The First Minister has revealed she was bullied at school.
Nicola Sturgeon told a young audience she suffered the abuse on several occasions and it required teacher intervention.
She was asked whether she had been targeted during the inaugural First Minister’s Question Time Next Generation, a new Q&A event which aims to give young people a voice.
The FM, who attended Dreghorn Primary School in North Ayrshire, said: “I went through periods at school of bullying.
“I wouldn’t say it ever got to a really serious level that made me unable to go to school or scared to go to school.
“But I had experiences at primary school where it certainly was sufficient at one stage to involve a teacher.
“So I think many people will have those experiences and I think what’s good is to be able to be open about them and to be able to come forward about them.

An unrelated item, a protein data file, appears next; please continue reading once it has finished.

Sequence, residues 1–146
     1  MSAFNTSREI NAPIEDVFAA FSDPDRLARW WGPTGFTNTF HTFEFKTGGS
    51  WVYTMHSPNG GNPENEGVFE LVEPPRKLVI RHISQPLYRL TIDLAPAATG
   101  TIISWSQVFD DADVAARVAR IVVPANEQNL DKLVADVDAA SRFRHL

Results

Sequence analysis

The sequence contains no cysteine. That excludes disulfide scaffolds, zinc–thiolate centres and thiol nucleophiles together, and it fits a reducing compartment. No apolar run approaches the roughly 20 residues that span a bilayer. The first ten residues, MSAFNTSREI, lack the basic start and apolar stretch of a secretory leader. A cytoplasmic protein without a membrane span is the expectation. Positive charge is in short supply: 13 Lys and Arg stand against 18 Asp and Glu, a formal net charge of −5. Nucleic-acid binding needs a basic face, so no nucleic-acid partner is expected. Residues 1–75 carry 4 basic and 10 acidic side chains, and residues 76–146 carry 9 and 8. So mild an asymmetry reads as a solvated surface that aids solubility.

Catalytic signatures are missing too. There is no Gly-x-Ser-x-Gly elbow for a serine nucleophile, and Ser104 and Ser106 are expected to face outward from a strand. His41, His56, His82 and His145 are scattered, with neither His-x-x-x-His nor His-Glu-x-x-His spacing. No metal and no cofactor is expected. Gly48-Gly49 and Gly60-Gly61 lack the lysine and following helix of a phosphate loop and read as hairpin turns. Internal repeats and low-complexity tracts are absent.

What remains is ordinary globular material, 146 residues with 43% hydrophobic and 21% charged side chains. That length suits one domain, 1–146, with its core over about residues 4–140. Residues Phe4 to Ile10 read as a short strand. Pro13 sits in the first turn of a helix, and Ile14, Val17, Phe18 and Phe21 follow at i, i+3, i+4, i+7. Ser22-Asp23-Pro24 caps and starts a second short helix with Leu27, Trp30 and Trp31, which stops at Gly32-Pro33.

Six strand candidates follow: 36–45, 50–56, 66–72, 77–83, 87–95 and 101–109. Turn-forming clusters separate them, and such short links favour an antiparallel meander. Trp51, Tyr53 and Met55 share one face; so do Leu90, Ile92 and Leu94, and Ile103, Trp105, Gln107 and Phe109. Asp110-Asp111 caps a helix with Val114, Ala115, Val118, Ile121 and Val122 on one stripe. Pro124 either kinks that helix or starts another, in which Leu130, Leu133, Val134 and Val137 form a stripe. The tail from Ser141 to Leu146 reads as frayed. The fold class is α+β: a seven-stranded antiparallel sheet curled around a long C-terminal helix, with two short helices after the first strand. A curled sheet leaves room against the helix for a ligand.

“And part of what we need to do around all of these issues that young people face – often issues that can impact on mental wellbeing – is create an environment where people don’t feel they have to keep these things to themselves and they can come forward and get help and talk about these things.”
The First Minister was taking questions from youngsters at a Glasgow school on Thursday, as part Scotland’s Year of Young People 2018.
The event was staged by Youth Link Scotland and Children in Scotland and aired on Thursday night on STV Tonight.
Earlier, Ms Sturgeon was asked in Holyrood about the 25,000 rejected referrals for young people seeking mental health treatment during her tenure as first minister.
Scottish Labour leader Richard Leonard called on Ms Sturgeon to apologise for the rejections during First Minister’s Questions at Holyrood.
Ms Sturgeon responded at First Minister’s Questions: “I regret and apologise to any patient whether they are an adult of a child who is not seen by the NHS, whether for mental health problems or physical health problems, as quickly as they should be, and I say that unreservedly.”
She added demand for services has risen faster than expected, adding: “We recognise we must do even more, not just to build the capacity of specialist services but also to build the capacity of community services.”